Cortex-M0 based MCUs are notable for their low cost and relatively smaller amount of available flash memory. If you wish to use floating point operations but are running tight on space, QFPlib is a great alternative. The core single-precision floating-point add/sub/mul/div/cmp operations take less than 400 bytes. According to QFPlib’s author, the corresponding routines in the GCC native library, by contrast, are over 2700 bytes in size, and the whole M0 library, including some trigonometric routines, comes in just slightly over 1K bytes.
QFPlib is even smaller than floating-point routines for other micros, including some such as the one for MSP430, which is known to have high code density. This table is a screencap from the author’s page at https://www.quinapalus.com/qfplib.html This is a comparison for the core arithmetic routines only:
But how about the downsides of QFPlib? There are two major ones:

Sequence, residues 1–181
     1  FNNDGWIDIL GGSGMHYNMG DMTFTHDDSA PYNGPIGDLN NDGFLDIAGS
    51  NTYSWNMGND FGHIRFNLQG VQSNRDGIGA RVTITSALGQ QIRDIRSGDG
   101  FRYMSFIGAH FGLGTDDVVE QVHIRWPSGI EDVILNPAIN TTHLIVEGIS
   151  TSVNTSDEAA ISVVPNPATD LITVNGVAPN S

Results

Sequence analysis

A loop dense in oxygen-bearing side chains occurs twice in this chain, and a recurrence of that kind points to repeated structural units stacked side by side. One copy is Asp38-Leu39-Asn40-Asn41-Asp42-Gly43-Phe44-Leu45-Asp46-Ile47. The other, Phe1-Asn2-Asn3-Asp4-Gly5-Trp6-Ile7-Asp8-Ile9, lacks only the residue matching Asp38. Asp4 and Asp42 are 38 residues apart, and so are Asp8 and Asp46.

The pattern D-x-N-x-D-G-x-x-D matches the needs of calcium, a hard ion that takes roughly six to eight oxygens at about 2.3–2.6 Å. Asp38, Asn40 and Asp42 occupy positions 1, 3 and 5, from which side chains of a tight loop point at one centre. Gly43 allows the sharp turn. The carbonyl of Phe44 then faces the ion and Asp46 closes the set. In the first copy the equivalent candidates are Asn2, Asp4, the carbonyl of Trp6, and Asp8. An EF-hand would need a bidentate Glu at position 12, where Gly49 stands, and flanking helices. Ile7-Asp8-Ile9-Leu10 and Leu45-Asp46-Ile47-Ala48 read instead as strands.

1. QFPlib is released using GNU GPL V2 license with alternate licensing possible from the author. This means that your code will also have to be released under GPL V2 if you use QFPLib (however, see below).
2. You have to manually call QFPlib functions to perform even the basic operations such as add, e.g.: instead of writing “float_a + float_b”, you write “qfp_fadd(float_a, float_b)”
For licensing issues for a commercial firmware developer, practically this means that you can try out QFPlib if you are running low in memory, and if you later want to use it in a final product where you will not be releasing your code under GPL, then you will have to contact the author and purchase a commercial use license. I do not know what the cost of a commercial license is, but the author has said that it is reasonable.
Regarding ease of use, if you are using JumpStart C++ for Cortex, now you can use QFPlib by just enabling it with a checkbox:
Once done, your (single precision) floating-point operations will be done “automagically” using the compact QFPlib with no source code changes needed! Just write “float_a + float_b”, and QFPlib will be used.
QFPlib also includes trigonometric functions that are much smaller than the default GCC code. For those, you will have to explicitly call the functions due to the way GCC works. You can find out more details in our online manual: https://imagecraft.com/documentation/jumpstart-c-documentation
Finally, QFPlib also comes in a Cortex-M3 version where the focus is on high-accuracy operations rather than small size. Again, the single checkbox shown above will enable it for -M3/M4/M7 based MCUs.